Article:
In 1498, both the Portal de Almonia and the bell-tower was completed. The bell tower consist of nine bells, whereof the largest of these is known as ”Eloi”.

At the beginning of the 16th century, the construction of the choir hall began in the center of the main nave. And between 1592 and 1601 Miquel Verger built the main portal.

It was during the 17th and 18th centuries when the Baroque began to permeate the interior of the Cathedral, in the form of altarpieces, paintings and sculptures marked by post-Tridentine spirituality. Examples of this is seen in such emblematic pieces as the Corpus Christi altarpiece, the cloister and the new chapter room stand out.
In the mid-19th century (1851), the entire main facade was severely damaged due to an earthquake and had to be replaced. The restoration was directed by Madrid architect Juan Bautista Payronnet.

At the beginning of the 20th century, the architect Antoni Gaudí adapted the interior space of the Cathedral to the new liturgical and pastoral requirements. His intervention, promoted by Bishop Pere Joan Campins, was carried out between the years 1904 and 1915. The liturgical restoration recovered the space of the faithful, the visibility of the choral presbytery, the episcopal chair and the Chapel of the Trinity.

Gaudí also left multiple other marks in the cathedral such as the beautiful iron lights attached to the imposing columns, the crown of thorns hanging in front of the altar and the fence that closes the main apse.
Gaudí collaborated with other great architects of the time such as his partner Joan Rubió i Bellver, Josep Maria Jujol, Guillem Reynés Font and Joaquim Torres-Garcia.

The last major renovation of La Seu was the Capella del Santísimo (Chapel of the Blessed Sacrament) between 2001 and 2006 by Mallorcan artist Miquel Barceló. Barceló’s work represents the Eucharist through the multiplication of breads and fish, which allows him to show the marine life, and the wedding of Cana around Christ.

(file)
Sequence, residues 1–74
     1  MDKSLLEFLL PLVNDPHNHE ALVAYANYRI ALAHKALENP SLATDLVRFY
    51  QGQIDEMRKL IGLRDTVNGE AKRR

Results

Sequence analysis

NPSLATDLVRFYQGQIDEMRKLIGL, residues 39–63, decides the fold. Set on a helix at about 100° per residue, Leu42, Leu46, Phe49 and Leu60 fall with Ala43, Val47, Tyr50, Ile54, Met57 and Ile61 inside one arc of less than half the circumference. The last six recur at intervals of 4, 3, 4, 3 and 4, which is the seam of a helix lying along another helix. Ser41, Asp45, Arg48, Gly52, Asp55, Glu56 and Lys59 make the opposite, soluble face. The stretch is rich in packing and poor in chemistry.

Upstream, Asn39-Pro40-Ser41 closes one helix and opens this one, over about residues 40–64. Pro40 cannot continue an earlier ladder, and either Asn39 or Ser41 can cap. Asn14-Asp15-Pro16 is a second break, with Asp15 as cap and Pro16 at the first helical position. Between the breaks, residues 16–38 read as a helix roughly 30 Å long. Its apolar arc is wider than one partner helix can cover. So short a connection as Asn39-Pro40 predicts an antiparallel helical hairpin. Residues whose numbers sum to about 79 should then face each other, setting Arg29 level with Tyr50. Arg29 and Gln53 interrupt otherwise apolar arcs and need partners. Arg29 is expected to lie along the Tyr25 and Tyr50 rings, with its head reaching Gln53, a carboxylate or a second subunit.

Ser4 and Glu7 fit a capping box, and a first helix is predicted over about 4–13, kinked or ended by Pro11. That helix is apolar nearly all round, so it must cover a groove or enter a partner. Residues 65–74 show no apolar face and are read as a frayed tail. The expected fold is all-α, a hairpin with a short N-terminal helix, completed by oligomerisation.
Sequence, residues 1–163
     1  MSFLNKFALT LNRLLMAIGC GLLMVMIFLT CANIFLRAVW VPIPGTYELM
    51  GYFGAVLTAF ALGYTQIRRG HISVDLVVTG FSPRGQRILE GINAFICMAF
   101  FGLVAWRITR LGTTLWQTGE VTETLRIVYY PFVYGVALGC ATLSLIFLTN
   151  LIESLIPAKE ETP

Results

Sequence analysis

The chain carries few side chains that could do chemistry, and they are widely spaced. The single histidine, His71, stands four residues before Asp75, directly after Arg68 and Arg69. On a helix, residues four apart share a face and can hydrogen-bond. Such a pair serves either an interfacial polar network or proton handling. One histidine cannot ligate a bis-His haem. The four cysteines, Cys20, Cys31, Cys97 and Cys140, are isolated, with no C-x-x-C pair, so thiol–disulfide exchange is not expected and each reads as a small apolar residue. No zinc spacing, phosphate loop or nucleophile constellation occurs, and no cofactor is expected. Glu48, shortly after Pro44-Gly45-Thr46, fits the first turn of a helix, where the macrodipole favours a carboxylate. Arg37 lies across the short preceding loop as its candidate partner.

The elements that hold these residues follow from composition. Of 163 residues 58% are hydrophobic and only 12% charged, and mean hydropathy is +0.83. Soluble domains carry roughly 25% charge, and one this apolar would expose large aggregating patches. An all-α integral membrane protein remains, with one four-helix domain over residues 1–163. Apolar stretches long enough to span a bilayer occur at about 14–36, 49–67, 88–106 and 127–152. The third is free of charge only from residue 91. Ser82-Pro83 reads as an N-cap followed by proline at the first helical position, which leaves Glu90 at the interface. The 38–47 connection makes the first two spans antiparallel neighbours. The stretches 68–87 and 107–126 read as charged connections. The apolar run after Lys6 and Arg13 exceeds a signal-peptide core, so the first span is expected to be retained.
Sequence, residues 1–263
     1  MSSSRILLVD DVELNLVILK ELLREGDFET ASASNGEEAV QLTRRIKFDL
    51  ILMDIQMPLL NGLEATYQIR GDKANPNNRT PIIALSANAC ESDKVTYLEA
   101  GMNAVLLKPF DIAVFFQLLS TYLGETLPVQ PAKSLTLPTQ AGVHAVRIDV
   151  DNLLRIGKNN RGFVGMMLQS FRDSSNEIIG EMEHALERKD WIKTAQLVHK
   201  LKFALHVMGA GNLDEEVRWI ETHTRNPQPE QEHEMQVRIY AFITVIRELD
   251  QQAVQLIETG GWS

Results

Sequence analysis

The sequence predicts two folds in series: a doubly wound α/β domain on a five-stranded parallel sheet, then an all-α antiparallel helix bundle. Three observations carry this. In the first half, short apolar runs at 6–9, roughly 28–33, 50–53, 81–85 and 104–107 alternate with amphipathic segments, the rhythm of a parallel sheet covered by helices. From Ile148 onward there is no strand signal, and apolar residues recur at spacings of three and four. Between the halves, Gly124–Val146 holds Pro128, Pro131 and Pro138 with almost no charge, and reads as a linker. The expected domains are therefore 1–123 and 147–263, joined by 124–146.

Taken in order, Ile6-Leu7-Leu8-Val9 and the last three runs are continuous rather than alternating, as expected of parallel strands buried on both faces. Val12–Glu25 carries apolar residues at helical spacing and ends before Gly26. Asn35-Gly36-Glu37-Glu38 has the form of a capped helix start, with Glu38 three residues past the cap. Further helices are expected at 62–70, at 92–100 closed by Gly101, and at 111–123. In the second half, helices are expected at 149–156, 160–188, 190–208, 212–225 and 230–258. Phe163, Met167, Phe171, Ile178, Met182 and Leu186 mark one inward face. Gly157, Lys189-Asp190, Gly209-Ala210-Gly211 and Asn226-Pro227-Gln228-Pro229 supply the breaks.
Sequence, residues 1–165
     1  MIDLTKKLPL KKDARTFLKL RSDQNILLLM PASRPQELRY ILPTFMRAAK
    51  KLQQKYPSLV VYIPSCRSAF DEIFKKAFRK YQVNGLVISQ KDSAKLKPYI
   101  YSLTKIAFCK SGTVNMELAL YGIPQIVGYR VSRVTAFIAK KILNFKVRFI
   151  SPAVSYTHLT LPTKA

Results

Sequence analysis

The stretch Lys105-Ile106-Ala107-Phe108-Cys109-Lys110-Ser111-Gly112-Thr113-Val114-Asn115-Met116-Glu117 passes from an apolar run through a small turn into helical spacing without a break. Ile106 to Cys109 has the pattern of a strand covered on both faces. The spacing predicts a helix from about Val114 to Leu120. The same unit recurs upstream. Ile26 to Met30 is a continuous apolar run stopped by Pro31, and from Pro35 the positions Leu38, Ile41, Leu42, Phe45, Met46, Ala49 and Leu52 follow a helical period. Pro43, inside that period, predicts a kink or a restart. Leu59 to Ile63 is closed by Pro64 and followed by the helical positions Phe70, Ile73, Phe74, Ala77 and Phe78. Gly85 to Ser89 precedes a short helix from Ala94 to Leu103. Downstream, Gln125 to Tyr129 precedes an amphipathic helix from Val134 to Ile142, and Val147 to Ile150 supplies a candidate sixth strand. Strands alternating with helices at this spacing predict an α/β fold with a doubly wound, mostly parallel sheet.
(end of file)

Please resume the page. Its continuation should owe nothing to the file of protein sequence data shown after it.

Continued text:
The walls are covered by painted ceramics made by potter Vincenzo Santoriello in Vietri sul Mare, Italy. Barceló is also the artist of the liturgical furnishings; the altar, the ambo, the presidential chair and two stones. Another element that stands out in Barceló’s work, is the 12 meter high stained glass window that is meant to recreate underwater light.

In front of the cathedral, you will find a park with a lake called ‘Parc de la Mar’ (Park of the Sea). This was planned in a such way, that lights from the sun and moonlight, would reflect directly on the walls of the cathedral making it visible from far out.

Visiting hours

1st of April – 31st of May / October: Monday to Friday from 10 am to 5:15 pm

2nd of November – 31st of March: Monday to Friday from 10 am to 3:15 pm

1st of June – 30th of September: Monday to Friday from 10 am to 6:15 pm

All year round: Saturdays between 10 am and 2:15 pm


During festivities and special holidays

Open 10 am to 2:15 pm

March 1st, Balearic Islands Day

May 1st, Labor Day

June 24th, Sant Joan

October 12th, National Holiday

How to get to La Seu